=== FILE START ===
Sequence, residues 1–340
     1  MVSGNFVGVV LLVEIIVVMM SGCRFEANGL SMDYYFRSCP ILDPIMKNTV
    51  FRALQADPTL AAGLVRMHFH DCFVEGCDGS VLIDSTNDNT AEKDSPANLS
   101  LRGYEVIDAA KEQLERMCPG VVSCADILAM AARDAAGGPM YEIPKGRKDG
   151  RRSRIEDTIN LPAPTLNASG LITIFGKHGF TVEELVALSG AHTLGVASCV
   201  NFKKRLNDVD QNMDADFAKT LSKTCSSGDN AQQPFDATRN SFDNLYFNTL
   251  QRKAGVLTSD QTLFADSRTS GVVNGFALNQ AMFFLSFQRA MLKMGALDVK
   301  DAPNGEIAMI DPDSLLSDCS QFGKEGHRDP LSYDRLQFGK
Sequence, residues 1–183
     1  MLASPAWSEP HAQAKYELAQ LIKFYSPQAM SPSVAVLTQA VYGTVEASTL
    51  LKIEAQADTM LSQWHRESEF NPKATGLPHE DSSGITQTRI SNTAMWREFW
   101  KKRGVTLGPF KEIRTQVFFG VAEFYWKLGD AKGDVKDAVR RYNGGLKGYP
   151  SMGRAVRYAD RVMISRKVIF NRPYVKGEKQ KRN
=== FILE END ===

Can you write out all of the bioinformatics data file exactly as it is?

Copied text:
Sequence, residues 1–340
     1  MVSGNFVGVV LLVEIIVVMM SGCRFEANGL SMDYYFRSCP ILDPIMKNTV
    51  FRALQADPTL AAGLVRMHFH DCFVEGCDGS VLIDSTNDNT AEKDSPANLS
   101  LRGYEVIDAA KEQLERMCPG VVSCADILAM AARDAAGGPM YEIPKGRKDG
   151  RRSRIEDTIN LPAPTLNASG LITIFGKHGF TVEELVALSG AHTLGVASCV
   201  NFKKRLNDVD QNMDADFAKT LSKTCSSGDN AQQPFDATRN SFDNLYFNTL
   251  QRKAGVLTSD QTLFADSRTS GVVNGFALNQ AMFFLSFQRA MLKMGALDVK
   301  DAPNGEIAMI DPDSLLSDCS QFGKEGHRDP LSYDRLQFGK
Sequence, residues 1–183
     1  MLASPAWSEP HAQAKYELAQ LIKFYSPQAM SPSVAVLTQA VYGTVEASTL
    51  LKIEAQADTM LSQWHRESEF NPKATGLPHE DSSGITQTRI SNTAMWREFW
   101  KKRGVTLGPF KEIRTQVFFG VAEFYWKLGD AKGDVKDAVR RYNGGLKGYP
   151  SMGRAVRYAD RVMISRKVIF NRPYVKGEKQ KRN